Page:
Dec 24th, 2022, 01:37 PM

The Myth of Coming of Age

By Sydney Scott
Image Credit: @reneethompsonco/ Unsplash
Why is coming of age framed as a teenage experience?

What does it mean to come of age? Traditionally, coming of age is the shift from childhood to adulthood, which happens at different ages in different cultures. For example, in the Jewish community, 13 is the year one leaves childhood behind marked by the bar/bat mitzvah, for the Mexican community it is 15 for girls having their quinceañera, and for Americans it can be 16 linked to their driver's license or 18 when they become a legal adult. 

Though many cultures and nations around the world celebrate the transition from childhood to adulthood, this shift does not occur in reality quite like it's presented in the media. Coming of age as we know it, is a myth. It is not a transition that happens over night. Fooling younger generations into believing adulthood is an attainable destination leads to the maintenance of unrealistic and harmful expectations for ourselves and others. 

When I was 18, I left home and started university. I expected to have a grand transformation over the course of those four years, but by graduation I was more lost about my purpose than I was before. At that point I moved back in with my parents and continued to work through my unmet expectations. At 22, I moved to France with the intention of finding myself. This has not happened but I’m okay with that. Through all of my attempts to finally grow up I learned that there is no such thing. We are never done growing and that’s okay. 

Historically, adulthood is characterized by freedom and independence. Though development psychologists today consider 20 to 40 to be the period of early adulthood, in "coming-of-age" films like Ladybird, Eighth Grade, and The Edge of Seventeen, the protagonists are teenagers and their stories take place before they engage in common markers of adulthood. 

Image credit: @karthik1324/ Unsplash

In Western nations, the introduction to adulthood is often signified by events such as the ability to drive, have sex, vote, consume alcohol, graduate, live alone, embark on a career, get married and start a family. A few decades ago, the timing of these events was closely linked; but in modern day, the time frame of these markers has grown distant, prolonging the process of coming of age. While movies and books frame adulthood as something emerging in middle school and high school, experts believe adulthood occurs much later. 

Psychologist Dr. Jeffrey Jensen Arnett refers to the ages of 18 to 29 as emerging adulthood, “a staging ground for the transition to adulthood”, rather than adulthood itself. This new category was created because signifiers of adulthood are increasingly delayed or completely unavailable. Factors such as financial crises or discrimination have contributed to this delay. 

According to Shift, 80% of Americans are in debt. Debt is just one of the many factors that hinders access to signifiers of adulthood and thus delays the experience of adulthood itself. CNBC reports that 65% of millennials view homeownership as an element of success; however two-thirds of non-homeowning millennials and Generation Z say that though they want to own a home, they are prevented by declining wages, student loan debt, and the rising prices of homes. Even so, our understanding of when one should come of age and reach these markers of adulthood has not changed.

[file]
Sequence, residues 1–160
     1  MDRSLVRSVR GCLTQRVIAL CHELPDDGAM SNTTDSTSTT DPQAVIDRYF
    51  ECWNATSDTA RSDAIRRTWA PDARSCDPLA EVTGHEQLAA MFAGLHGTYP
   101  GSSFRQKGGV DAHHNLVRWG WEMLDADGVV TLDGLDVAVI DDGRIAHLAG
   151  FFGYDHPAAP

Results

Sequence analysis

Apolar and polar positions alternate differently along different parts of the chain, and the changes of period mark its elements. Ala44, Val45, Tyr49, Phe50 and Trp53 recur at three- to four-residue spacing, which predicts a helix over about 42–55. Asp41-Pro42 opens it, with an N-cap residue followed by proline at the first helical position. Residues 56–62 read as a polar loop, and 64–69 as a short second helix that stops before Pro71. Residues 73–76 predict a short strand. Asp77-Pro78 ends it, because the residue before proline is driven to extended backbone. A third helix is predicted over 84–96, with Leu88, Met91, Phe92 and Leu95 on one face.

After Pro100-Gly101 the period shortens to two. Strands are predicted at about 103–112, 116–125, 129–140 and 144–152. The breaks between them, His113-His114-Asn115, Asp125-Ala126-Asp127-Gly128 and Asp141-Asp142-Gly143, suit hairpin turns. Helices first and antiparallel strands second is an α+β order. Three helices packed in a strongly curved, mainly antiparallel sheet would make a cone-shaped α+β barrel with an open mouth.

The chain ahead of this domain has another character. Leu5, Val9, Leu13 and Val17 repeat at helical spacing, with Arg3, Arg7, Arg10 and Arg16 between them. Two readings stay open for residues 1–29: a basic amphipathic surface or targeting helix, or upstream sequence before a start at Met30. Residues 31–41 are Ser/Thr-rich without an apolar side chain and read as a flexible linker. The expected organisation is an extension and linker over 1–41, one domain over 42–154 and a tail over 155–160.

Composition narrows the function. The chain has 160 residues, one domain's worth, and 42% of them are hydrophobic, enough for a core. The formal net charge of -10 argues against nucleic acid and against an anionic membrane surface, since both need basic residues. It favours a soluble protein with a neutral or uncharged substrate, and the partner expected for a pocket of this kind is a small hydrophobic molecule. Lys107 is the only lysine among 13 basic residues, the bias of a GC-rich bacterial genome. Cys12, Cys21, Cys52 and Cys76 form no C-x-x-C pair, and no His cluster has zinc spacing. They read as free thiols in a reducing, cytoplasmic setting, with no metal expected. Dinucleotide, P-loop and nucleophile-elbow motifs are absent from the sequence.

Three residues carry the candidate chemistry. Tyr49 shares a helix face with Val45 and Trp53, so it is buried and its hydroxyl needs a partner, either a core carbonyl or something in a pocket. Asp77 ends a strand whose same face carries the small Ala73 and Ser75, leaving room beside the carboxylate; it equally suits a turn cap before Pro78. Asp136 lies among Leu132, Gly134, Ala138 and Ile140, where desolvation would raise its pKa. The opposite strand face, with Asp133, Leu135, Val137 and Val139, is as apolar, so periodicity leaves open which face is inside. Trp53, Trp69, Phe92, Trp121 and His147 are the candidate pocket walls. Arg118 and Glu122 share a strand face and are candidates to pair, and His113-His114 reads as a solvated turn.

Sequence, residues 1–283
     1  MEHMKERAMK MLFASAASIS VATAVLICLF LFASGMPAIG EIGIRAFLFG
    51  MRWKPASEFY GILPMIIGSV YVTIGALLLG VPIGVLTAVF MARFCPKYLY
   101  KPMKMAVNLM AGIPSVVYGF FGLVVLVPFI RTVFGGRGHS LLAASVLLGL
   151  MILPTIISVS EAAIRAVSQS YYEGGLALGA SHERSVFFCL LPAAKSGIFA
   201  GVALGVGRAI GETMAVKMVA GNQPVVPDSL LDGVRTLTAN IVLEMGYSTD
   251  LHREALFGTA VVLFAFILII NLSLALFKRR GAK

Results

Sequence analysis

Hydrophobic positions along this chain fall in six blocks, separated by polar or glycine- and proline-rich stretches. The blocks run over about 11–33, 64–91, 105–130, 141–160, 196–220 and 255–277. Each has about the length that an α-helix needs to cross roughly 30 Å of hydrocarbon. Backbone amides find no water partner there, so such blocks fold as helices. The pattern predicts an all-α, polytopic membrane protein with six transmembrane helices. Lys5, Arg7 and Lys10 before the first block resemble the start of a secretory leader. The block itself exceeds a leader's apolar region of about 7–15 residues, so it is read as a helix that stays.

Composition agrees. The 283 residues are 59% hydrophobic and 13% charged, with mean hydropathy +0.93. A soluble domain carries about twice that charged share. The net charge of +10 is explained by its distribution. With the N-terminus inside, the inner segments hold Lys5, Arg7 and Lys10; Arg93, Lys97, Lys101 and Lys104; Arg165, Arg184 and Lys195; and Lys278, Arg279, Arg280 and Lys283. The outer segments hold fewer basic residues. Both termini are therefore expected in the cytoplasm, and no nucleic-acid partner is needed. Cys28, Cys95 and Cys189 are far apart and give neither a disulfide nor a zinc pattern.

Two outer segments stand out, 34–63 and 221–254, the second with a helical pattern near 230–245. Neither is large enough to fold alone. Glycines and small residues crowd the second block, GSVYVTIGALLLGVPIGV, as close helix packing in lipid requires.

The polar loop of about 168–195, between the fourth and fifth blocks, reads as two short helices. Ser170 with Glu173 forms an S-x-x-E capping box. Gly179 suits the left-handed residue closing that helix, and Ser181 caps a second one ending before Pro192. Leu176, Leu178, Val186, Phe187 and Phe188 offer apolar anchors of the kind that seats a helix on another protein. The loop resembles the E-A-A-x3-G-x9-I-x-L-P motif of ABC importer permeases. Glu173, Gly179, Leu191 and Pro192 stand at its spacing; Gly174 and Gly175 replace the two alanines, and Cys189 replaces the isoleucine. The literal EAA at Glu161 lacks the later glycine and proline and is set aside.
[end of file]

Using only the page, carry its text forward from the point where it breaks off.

Image credit: @jmvillejo/ Unsplash

I conducted a poll of 62 people between the ages of 19 and 33 about their opinions concerning coming of age. When asked, “Do you think people come of age?” 81% of respondents said yes. Of those that said yes, 29% believed the shift from childhood to adulthood occurred in the time between high school and university. However, a much larger percentage of people, 71%, believed the period of coming of age was 21 to 24 when leaving university and building a career. Though most of the respondents were Americans, many had additional cultural and religious influences such as Mexican, Indian, African and Jewish. We must ask ourselves why there is a dissonance between when the media presents coming of age, expert knowledge and our own opinions.

While many films focus on coming of age as an event that occurs in teenhood, increasingly Hollywood is producing stories that rival this concept. Eat, Pray, Love and Under the Tuscan Sun, films that detail the lives of women in their 40s beginning again, show that even when people surpass the typical ages linked to coming of age, they still engage in many pillars of development. These pillars include instability, focus on the self and exploration of possibilities. According to psychologists, pillars of development are characteristic of childhood. This calls into question our understanding of coming of age and the standards we hold ourselves to. 

It is okay to be 25 or 55 and feel we are not done growing. Even when we settle into our roles as fathers and wives, as CEOs and florists, we continue to explore ourselves. If exploration, questioning and insecurity is linked to childhood, then maybe we never really grow up and adulthood as a destination is simply a myth.